The second objective of this survey was to identify the key factors associated with NHA or chemotherapy (± ADT) usage compared with ADT alone, and we observed some similarities as well as differences in clinical decision making, based on factors such as patient fitness, compliance, patient preference, and tolerance of adverse events. Globally, physicians in our survey prescribed NHA or chemotherapy (± ADT) to younger patients who were able to tolerate more aggressive treatment, with the goal of extending life. Physicians reserved ADT alone for older patients who may have compliance issues and who were intolerant to AEs and, most importantly, whose goal was to maintain current QoL.
Likewise, Swami and colleagues  found that US patients in the Optum health insurance claims database who received chemotherapy (docetaxel) + ADT or NHA + ADT were younger (mean 68 and 73 years, respectively) than patients who received ADT alone (mean 75 years), although, unlike in the present survey, a greater proportion of patients with more aggressive disease (i.e., visceral metastases) received ADT alone (55%) vs chemotherapy + ADT (9%) or NHA + ADT (17%). Younger age in chemotherapy + ADT-treated men with mHSPC was also observed by Tagawa et al. , who also found that patients treated with NHA (abiraterone) + ADT or chemotherapy (docetaxel) + ADT were more likely to have metastatic disease in lymph nodes (also observed in our survey) and other sites at treatment initiation.
Fallara et al.’s  real-world investigation in Sweden indicated low adherence to the restriction that only men with high-risk mHSPC and men not suitable for docetaxel should receive abiraterone. By contrast, we found that, globally, NHA (± ADT) and chemotherapy (± ADT) rather than ADT alone were more commonly used in mHSPC with high-risk status, high disease volume, and distant metastases (largely in line with approved indications for abiraterone in the US, EU, and Japan [17, 22, 23], and apalutamide and enzalutamide in Japan [20, 24]), although we did not assess specific NHA use, as the approval timelines for specific NHAs vary, from late 2017 to 2020 in some countries/regions.
The mHSPC treatment landscape has changed considerably over the past few years and continues to evolve . In future, increased NHA use in mHSPC patients may impact treatment patterns in the mCRPC setting, too. NHA rechallenge may become the frontline treatment option in mCRPC in countries where this is an acceptable option (e.g., Germany  and Japan ). However, in other countries, such as the UK  and France , it remains to be seen how the treatment patterns will evolve, since rechallenging NHA is not an approved treatment option and therefore chemotherapy (docetaxel) may be the first-line treatment of choice in the mCRPC setting. Future studies are warranted to assess how the treatment patterns will evolve within the metastatic prostate cancer setting.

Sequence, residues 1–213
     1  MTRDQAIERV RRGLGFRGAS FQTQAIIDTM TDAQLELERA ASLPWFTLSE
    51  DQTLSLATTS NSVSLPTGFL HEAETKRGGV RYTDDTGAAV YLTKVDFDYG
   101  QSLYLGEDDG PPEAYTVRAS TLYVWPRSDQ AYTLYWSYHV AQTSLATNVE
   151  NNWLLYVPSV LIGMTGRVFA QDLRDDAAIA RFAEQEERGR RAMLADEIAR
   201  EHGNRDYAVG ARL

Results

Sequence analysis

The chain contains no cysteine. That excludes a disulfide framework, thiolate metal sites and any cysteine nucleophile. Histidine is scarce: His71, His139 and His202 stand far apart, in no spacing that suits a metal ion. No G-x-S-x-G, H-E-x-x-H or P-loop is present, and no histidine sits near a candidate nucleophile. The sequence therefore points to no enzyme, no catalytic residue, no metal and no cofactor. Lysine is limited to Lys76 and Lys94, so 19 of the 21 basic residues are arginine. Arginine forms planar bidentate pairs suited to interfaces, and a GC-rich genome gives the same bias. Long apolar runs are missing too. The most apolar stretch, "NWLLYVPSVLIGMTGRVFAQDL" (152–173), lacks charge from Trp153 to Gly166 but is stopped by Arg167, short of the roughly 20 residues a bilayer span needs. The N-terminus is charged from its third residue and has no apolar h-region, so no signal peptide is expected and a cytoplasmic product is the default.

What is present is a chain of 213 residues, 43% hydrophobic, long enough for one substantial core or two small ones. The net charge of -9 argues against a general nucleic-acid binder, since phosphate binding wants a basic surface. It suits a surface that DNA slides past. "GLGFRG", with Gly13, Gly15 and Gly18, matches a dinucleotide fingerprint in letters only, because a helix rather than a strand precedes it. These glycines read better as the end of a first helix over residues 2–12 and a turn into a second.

Several limitations should be considered in the interpretation of our findings. The DSP was not based on a true random sample of physicians or patients. Although the selection of participating physicians was based on minimal inclusion criteria, participation was influenced by their willingness to complete the survey. Physicians were asked to provide data for a consecutive series of patients to avoid selection bias, but no formal patient selection verification procedures were in place. In addition, we assessed perceived key clinical reasons for treatment choice, but other reasons may exist, including perceived key reasons not being applicable uniformly to all physicians, or patients participating in the survey not reflecting the general mHSPC population.
Another limitation of this analysis was that the Bonferroni correction was not applied to the results, which could have led to issues surrounding the family-wise type 1 error. Therefore, care should be taken when interpreting the results when looking for significance. Furthermore, recall bias, a common limitation of surveys, may have also affected physicians’ responses to the questionnaires. On the other hand, data for these analyses were collected at the time of each patient’s appointment and this was expected to reduce the likelihood of recall bias.
Finally, it is important to acknowledge that only developed countries were surveyed and therefore the findings of this study may not be generalisable to developing countries, which may face different challenges in the treatment of prostate cancer patients.
Despite these limitations, real-world studies play an important role in identifying areas of concern that are not usually addressed in randomised controlled trials (RCTs). Compared with RCT populations, real-world studies include more heterogenous samples, which are more reflective of real-world clinical practice. As such, real-world data can complement clinical trial evidence and provide insight into the effectiveness of interventions in patients commonly seen in clinical practice.